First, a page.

14 02 2014 Weaver Bird Nest Building
Image: Peter Webb

When the male weaver bird's breeding clock starts ticking in spring, all hell breaks loose. His mind whirrs with hormonal excitement (everything screams: breed! breed!). His feathers go from drab to fab, turning brilliant yellow, with stark black feathers surrounding a piercing, blood-red eye. The colour change is key – he'll need all that flash to attract a mate. And it's a good thing his energy levels are off the charts ... he's after as many mates as he can possibly woo.

First things first, though: he needs to build a house. In the weaver's world, only homeowners get the girl. In a mad frenzy, he sets about gathering leaves and clearing branches for all of the construction work that's about to ensue. As this is the southern masked weaver (Ploceus velatus), his nest will be a woven basket of leaves and grasses hanging from the tip of a drooping branch – often with panoramic views over water.

But this is only the start of the season and his home-building skills are a little rusty (give him a break – it’s been a long, lazy winter). His first attempt takes roughly two days ... and the result fails to pass quality control. The ladies give it a once-over and move on to better things.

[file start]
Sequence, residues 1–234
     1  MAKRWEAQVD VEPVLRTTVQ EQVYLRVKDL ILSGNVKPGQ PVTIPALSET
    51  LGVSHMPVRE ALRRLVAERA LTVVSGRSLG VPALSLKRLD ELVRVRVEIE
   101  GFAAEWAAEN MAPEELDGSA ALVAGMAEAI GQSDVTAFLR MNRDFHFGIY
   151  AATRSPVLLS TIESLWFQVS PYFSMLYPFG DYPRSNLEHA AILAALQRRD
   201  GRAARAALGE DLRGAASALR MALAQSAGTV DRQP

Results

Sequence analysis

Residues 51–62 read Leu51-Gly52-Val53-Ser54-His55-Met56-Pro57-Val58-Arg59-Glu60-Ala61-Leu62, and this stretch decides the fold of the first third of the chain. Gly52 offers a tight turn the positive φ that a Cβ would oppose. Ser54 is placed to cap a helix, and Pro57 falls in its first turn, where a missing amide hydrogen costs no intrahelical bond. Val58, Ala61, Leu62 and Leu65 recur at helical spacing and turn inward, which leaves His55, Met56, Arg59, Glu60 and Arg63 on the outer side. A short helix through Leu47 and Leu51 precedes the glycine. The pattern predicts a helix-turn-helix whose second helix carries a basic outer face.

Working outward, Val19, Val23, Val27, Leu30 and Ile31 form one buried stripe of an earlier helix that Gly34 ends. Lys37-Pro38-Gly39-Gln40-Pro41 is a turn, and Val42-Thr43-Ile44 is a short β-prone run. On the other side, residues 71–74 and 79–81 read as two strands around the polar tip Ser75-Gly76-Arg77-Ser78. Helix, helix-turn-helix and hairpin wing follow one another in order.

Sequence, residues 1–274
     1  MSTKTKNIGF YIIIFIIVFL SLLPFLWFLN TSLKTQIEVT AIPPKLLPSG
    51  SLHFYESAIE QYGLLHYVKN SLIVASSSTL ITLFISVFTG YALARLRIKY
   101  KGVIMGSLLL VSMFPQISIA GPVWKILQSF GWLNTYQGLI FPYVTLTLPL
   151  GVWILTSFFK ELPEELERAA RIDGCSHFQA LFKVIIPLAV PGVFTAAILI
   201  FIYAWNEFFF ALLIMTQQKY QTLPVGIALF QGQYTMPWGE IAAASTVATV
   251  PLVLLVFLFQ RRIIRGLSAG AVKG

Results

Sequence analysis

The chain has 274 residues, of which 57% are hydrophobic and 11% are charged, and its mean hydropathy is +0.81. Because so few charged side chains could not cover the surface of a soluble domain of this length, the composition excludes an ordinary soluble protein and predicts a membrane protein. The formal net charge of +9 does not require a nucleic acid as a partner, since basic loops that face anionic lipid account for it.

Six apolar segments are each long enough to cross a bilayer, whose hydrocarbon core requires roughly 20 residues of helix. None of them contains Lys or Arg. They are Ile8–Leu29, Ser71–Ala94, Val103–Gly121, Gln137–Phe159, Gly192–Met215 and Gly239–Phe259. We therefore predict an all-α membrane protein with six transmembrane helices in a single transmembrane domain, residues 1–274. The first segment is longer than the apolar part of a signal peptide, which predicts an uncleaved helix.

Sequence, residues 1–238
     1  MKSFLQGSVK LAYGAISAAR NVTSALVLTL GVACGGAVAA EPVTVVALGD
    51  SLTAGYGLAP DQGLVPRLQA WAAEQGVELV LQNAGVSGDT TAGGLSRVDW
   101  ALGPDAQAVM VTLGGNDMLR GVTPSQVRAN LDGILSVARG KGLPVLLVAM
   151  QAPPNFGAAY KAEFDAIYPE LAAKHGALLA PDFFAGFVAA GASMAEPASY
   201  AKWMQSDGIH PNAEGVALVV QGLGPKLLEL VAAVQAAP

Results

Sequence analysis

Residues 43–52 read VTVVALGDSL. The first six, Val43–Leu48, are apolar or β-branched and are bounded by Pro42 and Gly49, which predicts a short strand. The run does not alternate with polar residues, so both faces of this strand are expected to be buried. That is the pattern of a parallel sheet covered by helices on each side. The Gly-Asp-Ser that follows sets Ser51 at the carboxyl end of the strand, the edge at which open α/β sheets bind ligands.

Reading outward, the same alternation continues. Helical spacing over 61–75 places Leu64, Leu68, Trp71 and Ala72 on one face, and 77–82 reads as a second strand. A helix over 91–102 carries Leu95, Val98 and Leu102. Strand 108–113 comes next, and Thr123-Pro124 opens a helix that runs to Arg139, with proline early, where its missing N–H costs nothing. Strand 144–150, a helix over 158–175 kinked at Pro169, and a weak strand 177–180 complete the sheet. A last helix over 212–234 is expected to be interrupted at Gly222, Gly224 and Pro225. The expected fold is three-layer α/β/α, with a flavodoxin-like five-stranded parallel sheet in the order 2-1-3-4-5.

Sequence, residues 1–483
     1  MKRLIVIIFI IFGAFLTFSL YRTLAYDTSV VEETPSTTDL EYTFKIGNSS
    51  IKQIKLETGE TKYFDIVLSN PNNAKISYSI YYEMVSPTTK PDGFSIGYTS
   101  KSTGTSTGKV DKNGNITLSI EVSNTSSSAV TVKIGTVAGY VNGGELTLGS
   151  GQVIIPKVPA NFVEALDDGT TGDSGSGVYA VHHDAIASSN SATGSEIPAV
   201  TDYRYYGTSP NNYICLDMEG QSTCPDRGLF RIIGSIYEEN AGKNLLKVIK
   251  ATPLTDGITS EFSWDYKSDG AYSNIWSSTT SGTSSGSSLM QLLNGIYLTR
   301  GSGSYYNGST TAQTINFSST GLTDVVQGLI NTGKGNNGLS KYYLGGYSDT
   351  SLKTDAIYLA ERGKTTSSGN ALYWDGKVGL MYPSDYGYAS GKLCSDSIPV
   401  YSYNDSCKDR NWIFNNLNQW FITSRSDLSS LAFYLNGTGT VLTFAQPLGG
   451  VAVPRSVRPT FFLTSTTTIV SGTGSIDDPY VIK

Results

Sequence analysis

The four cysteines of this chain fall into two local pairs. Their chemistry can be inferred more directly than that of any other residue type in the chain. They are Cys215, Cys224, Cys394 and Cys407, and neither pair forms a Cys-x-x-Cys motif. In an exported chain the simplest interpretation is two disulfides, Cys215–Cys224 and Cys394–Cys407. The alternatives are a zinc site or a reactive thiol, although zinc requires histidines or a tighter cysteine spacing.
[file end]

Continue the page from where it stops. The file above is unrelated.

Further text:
Oh, the fury! He tears the nest down in a fit of rage, removing every last scrap of evidence of his failure (even pieces that fall into the tree branches below are hauled off to ensure they can never be used again).

And it's back to the drawing board. He's in for many more doses of bitter disappointment as the build-and-break-down process goes from days to weeks, in between battles with intruding rivals. Finally, after all of the practice runs and with his home-making skills honed to perfection, a suitably impressed female agrees to move in. It's a much-needed confidence boost – after all, he's aiming for up to 20 mates this season!

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